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Welcome Back to School!

Teacher & students

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Congratulations on a brand new school year, teachers! We're excited to have you back and to offer useful resources to help you plan out the year of teaching ahead! Whether you're a twenty-year veteran rocking a high school lab or a newly certified teacher fresh out of college headed to an elementary school classroom, we have lessons and tools to help you pass along your knowledge to your students.

Since last spring, we've added a bunch of new resources. We have seven new lessons relating to winners or finalists of the AAAS/Subaru SB&F Prize for Excellence in Science Books. They include lessons on food webs and chains, honeybees and colony collapse disorder, cellular life, and plate tectonics and continental drift. These lessons are a great way to support Common Core goals through your STEM classroom.

We've added some resources relating to next week's solar eclipse, including a tool for an app from NASA that will allow students to participate in citizen science in the hours surrounding the event. (The app also has non-eclipse projects for longer term use.) We've also added three new Science Update podcasts: one on how ravens have the ability to plan ahead (similar to apes and humans), one on how snakes in a cave in Cuba cooperate to catch bats, and one on a new technology, mobile power reactors, that could convert plastic garbage into gasoline and diesel fuel. We have more than 400 of these mini-lessons that share contemporaneous research through audio and text, and we particularly suggest them for aural learners.

We know classroom management is always a key topic at this time of year, and we have several lessons that address this: Creating Classroom Rules helps students develop an understanding that that classroom rules exist to help people get along in a group and to keep people safe. My School as a System invites students to explore systems by thinking about their schools as systems and focusing on a social rather than scientific understanding of the concept. Making Good Decisions lets students practice the skill of reasoned decision making and anticipate the consequences of their choices. What Can I Do? asks students to identify their feelings and learn some constructive ways of handling conflict.

Science NetLinks is not the only classroom-friendly project AAAS has to offer educators. Our STEM Volunteers program pairs teachers with active or retired STEM professionals for classroom visits and activities during the school year based on mutual needs and interests. While our project is based in the Washington, D.C., area, we also point to programs around in the country you may be able to take advantage of locally. Science in the Classroom is a collection of annotated research papers and accompanying teaching materials designed to help high school students understand the structure and workings of current professional scientific research. Recent topics covered include peer review, eco-leadership, and rat behavior. Science in the Classroom also offers collections of resources on concussions, honeybees, sleep, and cancer; educator resources; a portal for free resources from Science; and an opportunity for educators to get involved in the packaging and presentation of these materials. Project 2061 conducts research and develops tools and services to make improvements in the nation’s education system as a whole. Some of their recent work has focused on assessing student knowledge of energy concepts.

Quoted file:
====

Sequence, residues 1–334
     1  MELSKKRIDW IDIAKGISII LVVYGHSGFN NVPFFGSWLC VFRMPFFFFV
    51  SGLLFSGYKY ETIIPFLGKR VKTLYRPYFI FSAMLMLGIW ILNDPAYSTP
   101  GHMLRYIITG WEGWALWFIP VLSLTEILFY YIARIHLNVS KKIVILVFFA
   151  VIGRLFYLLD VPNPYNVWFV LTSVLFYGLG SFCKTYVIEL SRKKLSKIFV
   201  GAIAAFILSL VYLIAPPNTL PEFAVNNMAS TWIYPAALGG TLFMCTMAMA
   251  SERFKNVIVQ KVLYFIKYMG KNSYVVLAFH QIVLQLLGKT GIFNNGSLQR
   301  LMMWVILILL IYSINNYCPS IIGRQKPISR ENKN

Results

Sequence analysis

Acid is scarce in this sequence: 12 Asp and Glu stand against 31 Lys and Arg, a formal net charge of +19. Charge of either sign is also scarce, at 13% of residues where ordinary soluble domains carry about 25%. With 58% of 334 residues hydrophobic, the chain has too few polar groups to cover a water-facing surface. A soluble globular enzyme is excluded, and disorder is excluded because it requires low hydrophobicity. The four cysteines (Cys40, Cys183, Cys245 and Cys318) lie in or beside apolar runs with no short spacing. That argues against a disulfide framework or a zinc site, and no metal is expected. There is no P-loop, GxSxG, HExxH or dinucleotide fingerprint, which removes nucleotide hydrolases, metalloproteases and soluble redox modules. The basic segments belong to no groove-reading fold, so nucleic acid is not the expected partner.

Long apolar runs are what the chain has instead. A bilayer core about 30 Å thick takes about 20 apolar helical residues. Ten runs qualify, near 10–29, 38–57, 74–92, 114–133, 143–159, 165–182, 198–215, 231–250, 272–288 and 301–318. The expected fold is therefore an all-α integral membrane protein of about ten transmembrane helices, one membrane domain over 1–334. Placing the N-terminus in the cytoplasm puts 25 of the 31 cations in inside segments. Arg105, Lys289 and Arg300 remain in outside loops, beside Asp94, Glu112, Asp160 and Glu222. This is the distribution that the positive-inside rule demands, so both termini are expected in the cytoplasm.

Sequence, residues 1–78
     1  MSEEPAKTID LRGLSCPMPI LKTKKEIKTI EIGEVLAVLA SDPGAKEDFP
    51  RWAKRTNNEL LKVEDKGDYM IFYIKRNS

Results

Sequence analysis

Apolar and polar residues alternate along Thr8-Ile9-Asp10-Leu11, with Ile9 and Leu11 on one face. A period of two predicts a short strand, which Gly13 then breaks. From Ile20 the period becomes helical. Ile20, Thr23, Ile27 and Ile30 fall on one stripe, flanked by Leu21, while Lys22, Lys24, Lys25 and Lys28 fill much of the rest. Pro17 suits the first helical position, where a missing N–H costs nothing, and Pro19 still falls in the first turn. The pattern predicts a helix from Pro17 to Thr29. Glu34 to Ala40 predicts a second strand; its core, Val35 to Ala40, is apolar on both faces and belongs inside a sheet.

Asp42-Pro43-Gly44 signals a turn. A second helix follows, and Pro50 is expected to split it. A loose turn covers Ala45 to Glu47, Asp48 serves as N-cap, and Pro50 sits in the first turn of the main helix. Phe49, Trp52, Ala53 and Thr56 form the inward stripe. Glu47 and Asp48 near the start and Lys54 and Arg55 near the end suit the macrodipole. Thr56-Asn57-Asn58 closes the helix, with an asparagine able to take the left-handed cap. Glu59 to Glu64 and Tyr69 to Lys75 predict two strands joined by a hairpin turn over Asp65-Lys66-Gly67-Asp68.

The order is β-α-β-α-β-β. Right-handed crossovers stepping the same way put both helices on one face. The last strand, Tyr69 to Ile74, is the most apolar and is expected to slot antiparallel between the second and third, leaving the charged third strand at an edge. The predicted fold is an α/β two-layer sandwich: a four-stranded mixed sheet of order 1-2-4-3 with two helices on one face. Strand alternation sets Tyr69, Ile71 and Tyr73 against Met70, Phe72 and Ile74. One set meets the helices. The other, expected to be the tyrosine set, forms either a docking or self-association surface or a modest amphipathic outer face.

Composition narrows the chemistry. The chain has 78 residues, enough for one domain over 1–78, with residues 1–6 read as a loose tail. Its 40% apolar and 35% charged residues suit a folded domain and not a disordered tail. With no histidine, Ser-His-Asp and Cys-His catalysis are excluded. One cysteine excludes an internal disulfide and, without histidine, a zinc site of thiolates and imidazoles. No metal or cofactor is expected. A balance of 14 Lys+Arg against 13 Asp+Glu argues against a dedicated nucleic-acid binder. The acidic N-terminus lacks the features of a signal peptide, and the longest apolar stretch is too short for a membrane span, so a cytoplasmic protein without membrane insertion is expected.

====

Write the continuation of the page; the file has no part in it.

Finally, Science NetLinks would love to be able to give you more of what you're looking for. What are you missing? What would you like to see more of? Are there things you're seeking that you're having trouble finding on our site? Are there content areas you'd like to see additional lessons in? Do you need more website referrals for your students? More blog posts on professional development opportunities? We're happy to take your suggestions and inquiries into consideration in creating upcoming content for our site.

In the meantime, have an awesome start to the school year! We look forward to hearing from you.


This post originally appeared on Science NetLinks

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